Justin Trudeau is under fire in Quebec for further escalating the debate over the Parti Québécois government's proposed secular charter, saying he has no regrets for linking the debate in Quebec to the civil rights battles over segregation in America in the 60s.
Mr. Trudeau's remarks have fired the debate over the secular charter, which the government of Premier Pauline Marois is not expected to unveil it until mid-September. The measures being considered reportedly include a prohition on state employees from wearing religious articles in schools, daycares, hospitals and other state workplaces.
On Wednesday, Mr. Trudeau paid tribute to Martin Luther King on the 50th anniversary of his famous "I have a dream" speech, saying that Dr. King "refused segregation … denied discrimination … refused to allow [people] to believe that they were second-class citizens."
Continuing his speech before a crowd of about 1,500 supporters, Mr. Trudeau said, "We sadly see that even today, as we speak, for example of this idea of a Charter of Quebec Values, there are still those who believe that we have to choose between our religion and our Quebec identity, that there are people who are forced by the Quebec State to make irresponsible and inconceivable choices."
Mr. Trudeau's remarks were met with criticism by the governing Parti Québécois. Several ministers, as well as Premier Pauline Marois, said they want the discussion around their government's proposed charter to be respectful.
Instead, Mr. Trudeau's remarks "throw oil on the fire," Ms. Marois said.
"I don't agree with Mr. Trudeau's remarks. If there is a state that has been respectful of its minorities, respectful of people's freedom of religion, it's the Quebec state, and the government of the Parti Québécois in particular," she said.
Mr. Trudeau defended his comparison Thursday in Prince Edward Island. He clarified that he does not see a "direct parallel between segregation and the Quebec charter" that, according to media reports, would ban religious headgear and other visible religious symbols in provincial workplaces. "The parallel is certainly between the fight for openness and respect and acceptance of everything that everyone is and I am proud of where we have come and where we are as an open society and I intend to keep us as an open society and that is the opposition I have against this charter," he told reporters.
He added that his concern with the proposed Quebec charter is "that people are going to have to choose between their freedom of religion, freedom of expression, freedom of conscience and their economic well-being and their acceptance in the workplace."
Bernard Drainville, the Minister in charge of bringing in this new charter, however, said Thursday that Mr. Trudeau should make an "effort to elevate the debate."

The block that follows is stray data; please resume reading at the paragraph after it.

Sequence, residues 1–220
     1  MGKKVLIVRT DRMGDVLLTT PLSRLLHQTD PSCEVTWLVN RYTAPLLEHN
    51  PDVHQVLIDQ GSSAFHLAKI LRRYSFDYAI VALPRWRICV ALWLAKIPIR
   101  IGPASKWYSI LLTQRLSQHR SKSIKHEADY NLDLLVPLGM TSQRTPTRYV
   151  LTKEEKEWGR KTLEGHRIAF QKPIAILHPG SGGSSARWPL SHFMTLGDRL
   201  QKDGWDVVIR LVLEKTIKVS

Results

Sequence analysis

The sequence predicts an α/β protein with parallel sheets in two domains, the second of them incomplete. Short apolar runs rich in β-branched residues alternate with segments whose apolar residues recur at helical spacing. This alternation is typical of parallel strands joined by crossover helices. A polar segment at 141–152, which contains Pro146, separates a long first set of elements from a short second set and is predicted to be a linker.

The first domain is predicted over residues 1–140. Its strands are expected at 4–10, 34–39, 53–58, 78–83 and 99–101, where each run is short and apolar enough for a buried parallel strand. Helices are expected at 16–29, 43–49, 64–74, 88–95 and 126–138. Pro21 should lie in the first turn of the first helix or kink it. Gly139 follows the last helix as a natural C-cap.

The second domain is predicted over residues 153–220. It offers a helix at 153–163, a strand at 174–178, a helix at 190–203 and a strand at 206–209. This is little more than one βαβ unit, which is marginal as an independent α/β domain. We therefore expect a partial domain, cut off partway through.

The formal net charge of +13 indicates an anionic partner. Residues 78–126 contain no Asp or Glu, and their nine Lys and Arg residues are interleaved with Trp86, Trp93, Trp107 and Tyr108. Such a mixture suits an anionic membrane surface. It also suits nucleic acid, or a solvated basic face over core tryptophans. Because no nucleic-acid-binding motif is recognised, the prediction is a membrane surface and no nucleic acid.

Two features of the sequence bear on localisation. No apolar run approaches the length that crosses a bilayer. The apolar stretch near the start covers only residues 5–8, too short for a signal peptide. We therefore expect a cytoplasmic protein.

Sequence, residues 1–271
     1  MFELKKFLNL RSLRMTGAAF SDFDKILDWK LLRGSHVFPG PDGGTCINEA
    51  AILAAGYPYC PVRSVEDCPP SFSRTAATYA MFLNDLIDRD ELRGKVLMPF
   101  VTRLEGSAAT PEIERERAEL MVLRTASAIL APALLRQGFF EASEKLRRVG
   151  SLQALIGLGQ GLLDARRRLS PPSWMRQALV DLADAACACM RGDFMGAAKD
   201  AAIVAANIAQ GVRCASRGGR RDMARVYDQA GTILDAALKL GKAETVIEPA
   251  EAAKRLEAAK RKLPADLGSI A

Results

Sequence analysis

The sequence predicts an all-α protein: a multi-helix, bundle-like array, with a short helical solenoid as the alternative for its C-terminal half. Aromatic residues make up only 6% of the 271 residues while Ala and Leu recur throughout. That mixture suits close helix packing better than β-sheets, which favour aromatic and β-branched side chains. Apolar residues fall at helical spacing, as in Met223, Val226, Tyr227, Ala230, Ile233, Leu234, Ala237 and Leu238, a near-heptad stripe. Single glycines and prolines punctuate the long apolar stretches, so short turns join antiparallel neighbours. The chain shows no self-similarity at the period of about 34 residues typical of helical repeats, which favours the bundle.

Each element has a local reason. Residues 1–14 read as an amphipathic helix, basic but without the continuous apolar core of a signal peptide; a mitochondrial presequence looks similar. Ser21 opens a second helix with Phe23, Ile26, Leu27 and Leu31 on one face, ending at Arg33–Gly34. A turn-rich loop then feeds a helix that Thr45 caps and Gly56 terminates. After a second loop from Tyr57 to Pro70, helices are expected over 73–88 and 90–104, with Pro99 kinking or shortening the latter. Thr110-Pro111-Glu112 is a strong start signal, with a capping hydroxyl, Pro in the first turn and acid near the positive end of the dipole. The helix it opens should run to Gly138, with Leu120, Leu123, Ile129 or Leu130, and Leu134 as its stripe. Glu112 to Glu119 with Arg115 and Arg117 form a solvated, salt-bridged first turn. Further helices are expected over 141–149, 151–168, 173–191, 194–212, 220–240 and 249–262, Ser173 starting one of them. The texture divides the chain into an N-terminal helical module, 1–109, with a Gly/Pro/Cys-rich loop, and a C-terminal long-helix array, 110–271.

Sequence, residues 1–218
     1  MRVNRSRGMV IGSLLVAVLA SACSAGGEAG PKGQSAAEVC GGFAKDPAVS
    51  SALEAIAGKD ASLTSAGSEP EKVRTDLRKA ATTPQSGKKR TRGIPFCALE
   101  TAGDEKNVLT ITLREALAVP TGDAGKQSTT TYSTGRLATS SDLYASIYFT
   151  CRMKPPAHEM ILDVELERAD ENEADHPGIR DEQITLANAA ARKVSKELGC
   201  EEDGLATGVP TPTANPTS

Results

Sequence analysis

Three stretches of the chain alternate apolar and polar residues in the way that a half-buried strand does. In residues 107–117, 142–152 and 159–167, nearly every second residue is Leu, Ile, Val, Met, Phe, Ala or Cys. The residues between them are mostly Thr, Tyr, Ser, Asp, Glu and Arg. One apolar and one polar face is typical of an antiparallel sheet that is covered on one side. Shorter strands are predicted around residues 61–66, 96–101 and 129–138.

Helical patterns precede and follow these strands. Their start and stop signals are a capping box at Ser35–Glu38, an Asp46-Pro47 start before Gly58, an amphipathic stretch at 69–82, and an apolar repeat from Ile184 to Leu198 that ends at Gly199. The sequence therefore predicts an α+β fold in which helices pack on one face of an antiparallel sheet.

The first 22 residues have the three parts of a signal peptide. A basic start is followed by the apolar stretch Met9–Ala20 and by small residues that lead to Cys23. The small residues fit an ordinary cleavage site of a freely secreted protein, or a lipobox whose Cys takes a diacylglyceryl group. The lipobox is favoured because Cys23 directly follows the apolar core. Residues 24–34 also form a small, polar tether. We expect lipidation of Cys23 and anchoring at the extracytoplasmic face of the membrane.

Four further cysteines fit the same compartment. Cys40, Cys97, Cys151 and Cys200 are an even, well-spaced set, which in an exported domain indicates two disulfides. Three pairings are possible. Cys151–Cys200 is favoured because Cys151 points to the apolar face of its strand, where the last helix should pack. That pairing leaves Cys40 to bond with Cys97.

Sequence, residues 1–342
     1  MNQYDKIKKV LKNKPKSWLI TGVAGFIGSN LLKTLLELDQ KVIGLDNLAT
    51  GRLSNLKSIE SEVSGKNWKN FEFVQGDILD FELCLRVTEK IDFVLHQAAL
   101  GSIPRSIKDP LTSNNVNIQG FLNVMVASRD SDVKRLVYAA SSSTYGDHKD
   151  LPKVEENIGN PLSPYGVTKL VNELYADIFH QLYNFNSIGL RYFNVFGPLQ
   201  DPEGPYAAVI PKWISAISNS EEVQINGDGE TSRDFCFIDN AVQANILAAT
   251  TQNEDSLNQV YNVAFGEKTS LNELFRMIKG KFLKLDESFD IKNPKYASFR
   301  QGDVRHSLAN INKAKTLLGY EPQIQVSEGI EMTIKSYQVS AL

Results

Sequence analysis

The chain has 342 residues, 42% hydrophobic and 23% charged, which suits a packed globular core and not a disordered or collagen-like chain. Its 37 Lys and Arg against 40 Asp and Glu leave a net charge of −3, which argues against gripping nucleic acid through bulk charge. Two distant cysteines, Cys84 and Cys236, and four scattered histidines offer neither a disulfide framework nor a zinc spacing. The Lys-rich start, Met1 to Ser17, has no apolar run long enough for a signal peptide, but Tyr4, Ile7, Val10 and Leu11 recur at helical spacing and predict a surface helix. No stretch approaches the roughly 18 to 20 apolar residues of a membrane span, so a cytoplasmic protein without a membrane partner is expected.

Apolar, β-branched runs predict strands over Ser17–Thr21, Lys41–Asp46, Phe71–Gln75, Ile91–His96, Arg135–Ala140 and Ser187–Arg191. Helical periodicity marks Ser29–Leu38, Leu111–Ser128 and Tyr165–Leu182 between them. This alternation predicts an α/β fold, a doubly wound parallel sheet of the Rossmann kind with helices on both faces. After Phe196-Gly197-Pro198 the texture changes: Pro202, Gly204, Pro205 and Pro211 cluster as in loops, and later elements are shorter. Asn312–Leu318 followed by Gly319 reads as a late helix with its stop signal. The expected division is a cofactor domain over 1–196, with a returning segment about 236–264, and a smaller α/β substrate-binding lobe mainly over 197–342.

"There's a little bit of contempt in [Mr. Trudeau's comments] and I don't think it helps in the debate. We've already said that the tone of the debate will be as important as the substance of the debate. And I think if we are going to have a good debate, a harmonious debate, we should try to elevate the rhetoric," Mr. Drainville said on his way to a caucus meeting in Quebec.
Other PQ politicians referred to Mr. Trudeau's remarks as "narrow-minded" and "divisive."
Asked on Thursday about the matter, Prime Minister Stephen Harper said he has not yet seen a specific proposal and would therefore be cautious in his comments. He added that Quebec's separatist government "would love to pick fights with Ottawa, but that's not our business."
"Our job is social inclusion," Mr. Harper said. "Our job is making all groups who come to this country, whatever their background, whatever their race, whatever their ethnicity, whatever their religion, feel at home in this country and be Canadians."
He said the government plans to look carefully at the proposal to ensure it does not infringe on Canadians' fundamental rights.
Premier Pauline Marois said Mr. Trudeau's remarks "throw oil on the fire" in the debate, and the Liberal Leader should wait to see her government's Charter before commenting.
She insisted her government's charter of values, which will be unveiled in a few weeks, would not suppress religious freedoms. "We want to clarify the fact that the state should be neutral, which doesn't prevent people in a private space from practising their religion."
Quebec has long been exemplary in its protection of minorities, she added.
"If there is a state that has been respectful of its minorities, respectful of people's freedom of religion, it's the Quebec state, and the government of the Parti Québécois in particular," she said.
Meanwhile, the opposition Quebec Liberals appeared on Thursday to slam the door on the idea of banning religious symbols for public employees in the province.
In his most explicit comments on the issue to date, leader Philippe Couillard said Thursday that his party won't support measures to prohibit state employees from wearing religious articles state workplaces.
One Liberal minister hinted Wednesday the Liberal position on the contentious issue was " evolving." But Mr. Couillard rejected the suggestion.
"A position by definition always evolves, but it never evolves by sidelining fundamental values and principles," he said before a Liberal caucus meeting in Rivière-du-Loup.
With a report from Ingrid Peritz